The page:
The aging infrastructure on Bridge Street is in need of an upgrade, however without the necessary funding commitment from all three levels of government, the project isn’t on tap for this year. TOWER PHOTO
SACKVILLE, N.B. – Sackville’s downtown revitalization committee was hoping 2014 would be the year funding would come through for a much-needed and long-awaited makeover on Bridge Street.
But that hope was dashed earlier this month with news that at least a third of the funding for the project wouldn’t be coming through as anticipated.
“It’s not going to happen this year,” said Rob Lyon, outgoing chair of the downtown revitalization committee and a local business owner.
Lyon said the committee members heard two weeks ago their application for federal funding through ACOA had been turned down, another frustrating turn of events for the project, which has now been put on hold for the second year. And with only a half-hearted pledge of support this year from the provincial government, Lyon said there just isn’t enough of a commitment to move the makeover ahead this spring.
The downtown improvement project, expected to cost an estimated $1 million, gained support from the town last year, with council making a funding commitment for one-third of the cost as long as the other levels of government came through with the remaining funds.
But without a shared funding arrangement, the project isn’t likely to happen anytime soon, said Lyon.
The proposed project, which would essentially be a makeover of downtown Bridge Street, includes a total reconstruction of the roadway – including installing new water and sewer mains that would replace the aging infrastructure that was put in in the 1930s and a much-needed re-paving. The project also includes removing the power poles along that street and burying the lines underground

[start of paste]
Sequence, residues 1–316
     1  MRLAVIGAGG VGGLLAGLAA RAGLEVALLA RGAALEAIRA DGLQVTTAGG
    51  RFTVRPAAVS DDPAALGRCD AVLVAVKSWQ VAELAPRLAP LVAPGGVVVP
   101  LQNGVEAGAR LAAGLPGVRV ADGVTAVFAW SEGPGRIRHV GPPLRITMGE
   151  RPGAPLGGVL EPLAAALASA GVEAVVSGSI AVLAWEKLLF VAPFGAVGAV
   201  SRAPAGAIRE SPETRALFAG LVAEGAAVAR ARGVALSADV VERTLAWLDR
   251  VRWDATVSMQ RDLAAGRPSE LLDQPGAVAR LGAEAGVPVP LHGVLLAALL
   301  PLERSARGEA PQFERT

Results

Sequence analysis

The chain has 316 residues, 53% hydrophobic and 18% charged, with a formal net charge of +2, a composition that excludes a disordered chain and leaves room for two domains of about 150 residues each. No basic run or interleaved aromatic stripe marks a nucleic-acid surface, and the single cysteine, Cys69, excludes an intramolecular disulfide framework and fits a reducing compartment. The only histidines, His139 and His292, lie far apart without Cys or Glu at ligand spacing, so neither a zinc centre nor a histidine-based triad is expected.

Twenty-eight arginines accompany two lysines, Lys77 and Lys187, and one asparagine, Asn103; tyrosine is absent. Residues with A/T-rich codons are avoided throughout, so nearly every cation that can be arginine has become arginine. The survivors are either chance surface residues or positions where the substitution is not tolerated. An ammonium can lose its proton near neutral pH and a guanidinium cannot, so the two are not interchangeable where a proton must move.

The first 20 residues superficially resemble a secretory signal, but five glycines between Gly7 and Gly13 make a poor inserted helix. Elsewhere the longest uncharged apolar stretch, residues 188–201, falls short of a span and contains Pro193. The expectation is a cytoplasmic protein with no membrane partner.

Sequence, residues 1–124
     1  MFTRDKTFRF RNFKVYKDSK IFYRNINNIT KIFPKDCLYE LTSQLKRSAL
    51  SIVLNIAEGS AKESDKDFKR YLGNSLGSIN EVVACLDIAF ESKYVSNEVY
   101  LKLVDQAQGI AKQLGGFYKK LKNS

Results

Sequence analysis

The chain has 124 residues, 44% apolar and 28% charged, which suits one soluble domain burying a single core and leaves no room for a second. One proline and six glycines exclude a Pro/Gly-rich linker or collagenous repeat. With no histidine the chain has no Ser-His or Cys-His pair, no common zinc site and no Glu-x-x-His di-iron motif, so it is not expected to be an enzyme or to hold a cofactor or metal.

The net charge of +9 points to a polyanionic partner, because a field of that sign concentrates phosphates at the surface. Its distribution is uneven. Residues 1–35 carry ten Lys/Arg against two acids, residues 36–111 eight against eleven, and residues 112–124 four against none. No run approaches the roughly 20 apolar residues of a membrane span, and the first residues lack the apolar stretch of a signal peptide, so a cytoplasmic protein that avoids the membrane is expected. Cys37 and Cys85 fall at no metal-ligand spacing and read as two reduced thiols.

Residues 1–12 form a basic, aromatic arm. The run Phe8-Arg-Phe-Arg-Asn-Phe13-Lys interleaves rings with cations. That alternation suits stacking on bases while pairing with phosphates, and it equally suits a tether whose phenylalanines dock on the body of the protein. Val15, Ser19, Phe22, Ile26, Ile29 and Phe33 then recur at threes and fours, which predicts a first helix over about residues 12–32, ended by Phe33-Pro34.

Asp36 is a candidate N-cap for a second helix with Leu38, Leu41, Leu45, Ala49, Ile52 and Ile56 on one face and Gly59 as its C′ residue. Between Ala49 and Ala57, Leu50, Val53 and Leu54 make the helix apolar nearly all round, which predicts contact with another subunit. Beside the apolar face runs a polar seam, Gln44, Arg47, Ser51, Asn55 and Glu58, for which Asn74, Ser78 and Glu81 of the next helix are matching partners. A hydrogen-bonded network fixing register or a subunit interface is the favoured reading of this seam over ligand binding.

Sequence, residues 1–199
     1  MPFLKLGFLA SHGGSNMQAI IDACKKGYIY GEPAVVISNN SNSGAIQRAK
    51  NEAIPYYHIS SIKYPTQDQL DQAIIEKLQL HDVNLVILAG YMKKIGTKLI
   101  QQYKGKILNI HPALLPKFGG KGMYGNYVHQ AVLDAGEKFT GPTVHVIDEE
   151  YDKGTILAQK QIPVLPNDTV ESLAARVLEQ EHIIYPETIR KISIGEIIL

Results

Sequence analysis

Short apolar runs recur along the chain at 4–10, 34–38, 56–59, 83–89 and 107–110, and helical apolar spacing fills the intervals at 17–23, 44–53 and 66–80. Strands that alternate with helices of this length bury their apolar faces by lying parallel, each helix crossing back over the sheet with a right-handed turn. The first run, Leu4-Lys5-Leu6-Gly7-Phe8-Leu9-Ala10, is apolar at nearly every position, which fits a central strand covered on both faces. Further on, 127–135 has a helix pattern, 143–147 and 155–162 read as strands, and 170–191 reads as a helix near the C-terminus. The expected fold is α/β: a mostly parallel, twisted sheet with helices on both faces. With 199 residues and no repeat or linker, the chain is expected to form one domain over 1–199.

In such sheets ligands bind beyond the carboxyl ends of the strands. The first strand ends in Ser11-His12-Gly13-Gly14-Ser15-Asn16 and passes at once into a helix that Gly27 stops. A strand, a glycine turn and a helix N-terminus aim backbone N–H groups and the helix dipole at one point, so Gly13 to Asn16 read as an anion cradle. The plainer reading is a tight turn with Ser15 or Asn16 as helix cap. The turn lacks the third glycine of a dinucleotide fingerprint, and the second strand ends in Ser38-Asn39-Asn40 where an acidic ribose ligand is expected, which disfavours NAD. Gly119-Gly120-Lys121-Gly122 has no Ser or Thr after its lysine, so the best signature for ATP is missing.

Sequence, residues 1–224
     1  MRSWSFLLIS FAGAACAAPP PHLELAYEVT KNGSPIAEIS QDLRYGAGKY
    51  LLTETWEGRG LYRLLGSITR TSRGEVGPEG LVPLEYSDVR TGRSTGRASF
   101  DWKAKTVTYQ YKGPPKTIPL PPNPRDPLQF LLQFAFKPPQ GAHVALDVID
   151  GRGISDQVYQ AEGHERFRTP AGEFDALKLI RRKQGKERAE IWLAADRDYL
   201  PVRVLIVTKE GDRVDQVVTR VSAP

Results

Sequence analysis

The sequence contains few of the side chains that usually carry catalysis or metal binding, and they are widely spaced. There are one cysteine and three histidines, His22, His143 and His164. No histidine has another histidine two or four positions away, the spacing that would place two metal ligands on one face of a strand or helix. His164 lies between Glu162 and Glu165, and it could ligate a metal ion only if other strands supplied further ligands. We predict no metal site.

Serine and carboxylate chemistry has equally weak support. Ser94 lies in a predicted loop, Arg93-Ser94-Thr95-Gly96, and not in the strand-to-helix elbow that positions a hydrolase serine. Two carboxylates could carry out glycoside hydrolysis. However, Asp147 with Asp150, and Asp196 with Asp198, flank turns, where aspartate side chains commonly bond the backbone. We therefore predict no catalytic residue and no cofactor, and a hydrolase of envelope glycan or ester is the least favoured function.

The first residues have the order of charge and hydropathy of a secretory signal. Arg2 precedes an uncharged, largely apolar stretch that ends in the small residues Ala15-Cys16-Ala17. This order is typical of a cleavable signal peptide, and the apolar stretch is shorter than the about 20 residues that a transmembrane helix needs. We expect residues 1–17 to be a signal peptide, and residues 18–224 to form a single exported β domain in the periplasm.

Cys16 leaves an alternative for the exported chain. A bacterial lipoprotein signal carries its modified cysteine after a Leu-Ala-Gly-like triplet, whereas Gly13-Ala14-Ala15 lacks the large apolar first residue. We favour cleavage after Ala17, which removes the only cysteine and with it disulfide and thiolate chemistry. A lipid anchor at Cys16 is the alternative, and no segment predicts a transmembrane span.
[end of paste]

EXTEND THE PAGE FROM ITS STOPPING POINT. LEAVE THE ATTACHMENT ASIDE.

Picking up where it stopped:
Lyon said the committee isn’t asking for “new money” from the town or the province, it’s simply requesting that the money that has been paid into commercial property taxes be allocated back into improving the aging infrastructure.
He said he’s frustrated that the project isn’t gaining wider support from the provincial or federal governments, who regularly pledge to put more monies into economic development through initiatives such as Canada’s Economic Action Plan or New Brunswick’s Growing Together economic growth strategy.
“This is a perfect example of what they should be doing,” he said, noting that aging municipal infrastructure is an issue facing towns and cities across the country.
Lyon’s frustration is just one reason he has decided to step down from the downtown revitalization committee, a group he has been a key member of for more than six years.
“I think it’s time for somebody new to come in; I’ve got no new ideas,” he said.
He said the committee developed an extensive vision plan for the downtown in 2008 but pointed out that the lack of action on the recommendations laid out in the document has been discouraging.
“I’m frustrated we haven’t been able to effect greater change in the downtown.”
Lyon said the committee has done most of the legwork on the proposed Bridge Street project so there is not much left to do but wait.
“It’s in the town’s hands now; it’s kind of up to them,” said Lyon.
He is hopeful the project will eventually receive enough financial support to make it a reality but believes that day is at least a year and half away from “possibly happening.”
“I don’t think the project is dead . . . but I do think it’s still a long ways away,” said Lyon.